And all your competitors are doing it. You can’t ignore the online market changes and just hope that your photography is good enough to rise to the surface. A mediocre photographer with a properly optimized site and well captioned/keyworded images can take business away from you. So you need to keep moving forward (because SEO is a long-term game) and improve your position in the photography industry

Let’s get started!


1. Merge multiple websites into a single one (where appropriate)

Type: Domain factors Importance: 5/5 Difficulty: Hard Total time: It depends

Many photographers like to spread out their online presence into multiple sites, and then having them all link back to one main website. They hope that this will help their SEO, and we can understand why: having more links is better (both in terms of number and diversity).

But, in this case, it’s actually doing more harm than good, it’s losing much of the SEO value received from external sites.

Let’s take a fictitious example: John Doe has his main photography website at (which acts as his main portfolio). But then, for simplicity, he built his blog on a separate domain (like and also has a separate website specifically dedicated to selling prints (

He gets various backlinks pointing to his blog and prints sites, so this will obviously in turn help his main site’s SEO, right? That’s incorrect; the opposite is true.

He is basically losing SEO “power”. If only part of those backlinks pointed directly to his main site, his SEO would be in much better shape.


Those other domains are creating a (partial) barrier between brand/social signals (“link equity”) and your main website.

By collecting all of the ranking signals on one main domain, you built the best possible SEO scenario. Why? Because of the ever-important concept of “domain authority”.

When a domain becomes more popular, it passes its importance to all its different (internal) pages, so, in turn, they rank higher in search results. But the domain importance doesn’t get passed to other websites, so that’s basically true for the blog and prints domains in the John Doe example above. Their specific domain authority is somewhat lost when linking to the main domain.

And let’s not forget about simplicity: you’re left with only one website, you can focus on it alone. The entire online marketing process becomes much easier. Branding (and SEO as well, of course) will be simpler to work on.

Where isn’t this appropriate?

If the website topic is completely different (two truly separate photography specialties), it makes sense to break them into two. (But it also means you’re spreading your career into two, should you be focusing on one thing alone?)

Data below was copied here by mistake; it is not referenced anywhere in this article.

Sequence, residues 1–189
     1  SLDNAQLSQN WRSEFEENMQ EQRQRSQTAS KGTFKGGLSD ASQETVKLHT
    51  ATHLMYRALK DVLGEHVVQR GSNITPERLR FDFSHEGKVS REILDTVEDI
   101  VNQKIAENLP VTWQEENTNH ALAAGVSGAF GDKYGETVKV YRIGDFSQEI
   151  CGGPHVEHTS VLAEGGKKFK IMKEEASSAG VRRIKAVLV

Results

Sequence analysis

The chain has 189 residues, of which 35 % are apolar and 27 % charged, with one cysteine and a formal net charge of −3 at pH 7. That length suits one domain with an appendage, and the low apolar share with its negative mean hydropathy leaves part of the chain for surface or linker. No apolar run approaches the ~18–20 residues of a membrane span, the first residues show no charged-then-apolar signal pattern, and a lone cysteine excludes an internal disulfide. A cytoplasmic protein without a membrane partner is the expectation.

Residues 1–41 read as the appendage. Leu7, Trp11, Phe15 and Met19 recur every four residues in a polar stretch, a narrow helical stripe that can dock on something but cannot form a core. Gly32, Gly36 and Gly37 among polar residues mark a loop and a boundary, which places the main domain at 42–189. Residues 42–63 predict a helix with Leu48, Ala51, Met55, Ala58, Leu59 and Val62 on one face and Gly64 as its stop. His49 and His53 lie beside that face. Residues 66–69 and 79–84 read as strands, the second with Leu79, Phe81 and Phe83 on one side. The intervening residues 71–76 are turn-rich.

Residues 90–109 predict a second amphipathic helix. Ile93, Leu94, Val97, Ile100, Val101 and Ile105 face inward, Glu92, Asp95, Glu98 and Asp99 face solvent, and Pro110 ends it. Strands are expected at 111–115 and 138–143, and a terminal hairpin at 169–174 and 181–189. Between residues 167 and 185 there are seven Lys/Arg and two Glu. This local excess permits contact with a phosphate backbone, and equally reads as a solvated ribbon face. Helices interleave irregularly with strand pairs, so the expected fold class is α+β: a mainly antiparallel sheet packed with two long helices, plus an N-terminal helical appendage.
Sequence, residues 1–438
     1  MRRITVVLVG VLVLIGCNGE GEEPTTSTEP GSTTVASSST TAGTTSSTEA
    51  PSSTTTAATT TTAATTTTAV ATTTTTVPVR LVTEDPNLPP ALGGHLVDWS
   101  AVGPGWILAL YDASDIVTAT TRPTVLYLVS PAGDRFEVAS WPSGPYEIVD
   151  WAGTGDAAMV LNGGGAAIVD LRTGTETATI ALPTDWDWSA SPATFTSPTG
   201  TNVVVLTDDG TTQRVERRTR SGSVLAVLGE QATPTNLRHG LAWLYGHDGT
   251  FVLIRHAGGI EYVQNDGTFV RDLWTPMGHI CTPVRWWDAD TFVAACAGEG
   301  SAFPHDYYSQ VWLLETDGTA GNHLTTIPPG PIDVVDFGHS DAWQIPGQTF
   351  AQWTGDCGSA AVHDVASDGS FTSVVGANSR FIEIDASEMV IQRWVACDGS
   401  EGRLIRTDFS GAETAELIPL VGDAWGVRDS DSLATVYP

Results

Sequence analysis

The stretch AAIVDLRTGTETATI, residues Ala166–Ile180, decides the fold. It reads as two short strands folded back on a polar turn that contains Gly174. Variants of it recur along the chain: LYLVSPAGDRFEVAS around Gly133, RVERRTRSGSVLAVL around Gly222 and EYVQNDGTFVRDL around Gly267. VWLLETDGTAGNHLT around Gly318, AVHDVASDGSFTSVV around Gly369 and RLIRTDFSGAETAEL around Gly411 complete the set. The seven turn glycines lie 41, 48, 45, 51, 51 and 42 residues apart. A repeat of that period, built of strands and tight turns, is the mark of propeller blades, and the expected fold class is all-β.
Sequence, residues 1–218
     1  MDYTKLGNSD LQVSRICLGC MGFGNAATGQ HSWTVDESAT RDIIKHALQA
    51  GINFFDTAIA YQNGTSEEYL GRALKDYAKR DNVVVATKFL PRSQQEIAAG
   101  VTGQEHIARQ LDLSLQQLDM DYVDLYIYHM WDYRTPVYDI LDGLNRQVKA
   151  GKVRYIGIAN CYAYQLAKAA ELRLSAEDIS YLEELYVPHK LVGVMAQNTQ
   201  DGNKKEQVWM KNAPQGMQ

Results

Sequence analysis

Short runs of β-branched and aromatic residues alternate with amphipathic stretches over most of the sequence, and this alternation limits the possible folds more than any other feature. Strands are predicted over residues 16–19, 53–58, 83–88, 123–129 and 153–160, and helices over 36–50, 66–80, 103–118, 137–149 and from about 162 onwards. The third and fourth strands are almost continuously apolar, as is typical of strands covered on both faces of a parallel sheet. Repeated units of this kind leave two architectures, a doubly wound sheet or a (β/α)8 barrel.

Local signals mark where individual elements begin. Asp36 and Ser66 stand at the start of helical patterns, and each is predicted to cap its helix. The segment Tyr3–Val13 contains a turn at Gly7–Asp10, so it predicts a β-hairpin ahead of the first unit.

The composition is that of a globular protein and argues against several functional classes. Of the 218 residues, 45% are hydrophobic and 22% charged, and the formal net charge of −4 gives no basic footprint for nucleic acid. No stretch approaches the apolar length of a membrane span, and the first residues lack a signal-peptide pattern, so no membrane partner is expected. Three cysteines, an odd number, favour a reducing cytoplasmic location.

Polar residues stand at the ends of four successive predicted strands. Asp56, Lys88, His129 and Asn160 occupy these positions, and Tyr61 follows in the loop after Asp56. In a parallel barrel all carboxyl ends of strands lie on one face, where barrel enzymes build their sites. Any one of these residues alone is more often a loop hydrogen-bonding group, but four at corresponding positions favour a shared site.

Or sometimes it’s good to have a separate microsite for branding purposes (like promoting the images from an event on a mini online portfolio).

But for SEO purposes, one single domain is best.

Don’t take this lightly, there are exceptions. Deciding if you need to have one or multiple websites for your type(s) of work is critical, and should come before any other design or SEO considerations.

Learn how to navigate this compromise before proceeding: “Having separate photography websites or merging them?”

Further reading: 3rd part of this video (06:55) from Moz: How to Structure Links for SEO – Whiteboard Friday


2. Get a good domain name (if you don’t have one already)

Type: Domain factors Importance: 4/5 Difficulty: Medium Total time: Research + 10 min.

You know the basic ideas: the domain should be short, memorable and, if possible, include your brand name and/or relevant keywords for your business.

Photographers usually opt for their full name ( and sometimes add “photography” at the end ( Other suffixes (like “photographer” or “photo”) are less popular. 

Too many people include hyphenated keywords in their domain (, but that’s not ideal. The very small SEO benefit you get from using keywords in the domain name is nothing compared to the zero branding value you have: it’s difficult to remember, it lacks credibility.

If you are considering switching to a shorter/different domain name for your site, you need to ensure a smooth migration to avoid any SEO problems: How to change your site’s domain name (URL) without losing SEO rankings (7 steps + FAQ)